Monday, October 15, 2007

Facebook and MySpace: Evidence in Court

In addition to our previous post exploring legal implications of activities that take place on social networking sites, we now learn that certain practitioners in the legal profession have begun to collect information about opposing parties via sites such as Facebook and MySpace in support of their clients’ legal claims.

The National Law Journal reports:

At Malbrough & Lirette in Houma, La., a secretary browses MySpace and Facebook Web sites each day. She's not checking the online social networking sites for personal reasons, but is performing one of her job duties.

"It's an everyday occasion," said Joan Malbrough, a partner at the three-attorney firm, which handles family law, personal injury and corporate law matters.

"Every new client we do a MySpace and Facebook search on to see if they or their spouse have any useful information."

In one case, Malbrough said she helped secure shared custody for the father after finding his wife had posted sexually explicit comments on her boyfriend's MySpace page. In another case, a husband's credibility was questioned because, on his MySpace page, he said he was single and looking.

Lawyers in civil and criminal cases are increasingly finding that social networking sites can contain treasure chests of information for their cases. Armed with printouts from sites such as Facebook and MySpace, attorneys have used pictures, comments and connections from these sites as powerful evidence in the courtroom.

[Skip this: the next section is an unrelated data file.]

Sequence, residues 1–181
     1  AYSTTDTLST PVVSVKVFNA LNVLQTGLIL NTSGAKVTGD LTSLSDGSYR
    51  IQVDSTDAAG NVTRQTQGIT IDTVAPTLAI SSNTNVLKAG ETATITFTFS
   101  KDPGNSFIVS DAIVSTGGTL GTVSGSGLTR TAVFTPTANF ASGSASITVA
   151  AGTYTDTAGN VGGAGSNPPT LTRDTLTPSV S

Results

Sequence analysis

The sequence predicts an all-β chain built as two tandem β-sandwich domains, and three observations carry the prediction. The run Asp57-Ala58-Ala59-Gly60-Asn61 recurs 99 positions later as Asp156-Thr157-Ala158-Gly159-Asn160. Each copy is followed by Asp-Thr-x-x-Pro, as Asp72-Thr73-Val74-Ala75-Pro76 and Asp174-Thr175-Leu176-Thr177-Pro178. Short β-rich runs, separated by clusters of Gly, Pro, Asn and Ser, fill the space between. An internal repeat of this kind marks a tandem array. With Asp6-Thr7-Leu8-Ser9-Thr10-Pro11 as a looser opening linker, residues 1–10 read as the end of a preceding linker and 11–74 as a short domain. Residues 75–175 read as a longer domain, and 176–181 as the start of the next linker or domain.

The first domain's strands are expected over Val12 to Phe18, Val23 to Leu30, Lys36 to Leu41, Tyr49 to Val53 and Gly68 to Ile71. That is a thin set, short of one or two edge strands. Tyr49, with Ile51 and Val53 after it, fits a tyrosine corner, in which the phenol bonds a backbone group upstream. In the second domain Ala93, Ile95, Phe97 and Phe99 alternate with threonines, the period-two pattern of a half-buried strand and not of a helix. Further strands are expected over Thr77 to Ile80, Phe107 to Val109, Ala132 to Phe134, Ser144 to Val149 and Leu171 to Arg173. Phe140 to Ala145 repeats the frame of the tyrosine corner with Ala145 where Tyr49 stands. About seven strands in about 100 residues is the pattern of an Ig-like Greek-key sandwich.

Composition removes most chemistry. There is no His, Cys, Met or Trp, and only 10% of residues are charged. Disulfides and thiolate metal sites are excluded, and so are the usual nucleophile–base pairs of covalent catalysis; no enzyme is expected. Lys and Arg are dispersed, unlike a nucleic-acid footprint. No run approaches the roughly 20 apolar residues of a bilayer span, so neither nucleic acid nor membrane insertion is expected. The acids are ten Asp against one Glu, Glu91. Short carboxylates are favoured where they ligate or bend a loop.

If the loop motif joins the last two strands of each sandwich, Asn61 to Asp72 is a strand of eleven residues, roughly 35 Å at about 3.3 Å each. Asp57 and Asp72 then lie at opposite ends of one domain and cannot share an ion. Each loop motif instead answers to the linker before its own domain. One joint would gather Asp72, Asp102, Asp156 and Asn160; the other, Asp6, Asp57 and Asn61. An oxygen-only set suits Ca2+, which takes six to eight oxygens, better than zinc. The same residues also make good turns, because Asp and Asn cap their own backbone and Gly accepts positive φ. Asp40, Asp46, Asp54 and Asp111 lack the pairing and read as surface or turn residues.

The article also provides examples of victims identifying suspects in groups of photographs from MySpace and judges determining appropriate sentences for crimes based on past related activities posted on social networking sites.

- Annie Noa Kenet, Toronto

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Joe Fresh said...

People need to realize that their social networking information is often open to the public. If you post personal and possibly damning information on a public website, it's no different than painting it on the front of your house.

Benjamin Wright said...

Garry: People can use voice signatures to help preserve electronic records (such as snapshots of web or social networking pages) as potential evidence for legal proceedings. --Ben

Anonymous said...

Wow this is incredible, especially in light of the fact you can create an email account in someone else's name and then open a myspace account. How could a person be responsible for that if THEY aren't the one's these fake myspace pages belong to???

Benjamin Wright said...

Social networking is becoming so entangled with our lives that that business people are starting to use it to transact business. A business manager used Facebook to inform an employee that she is fired. --Ben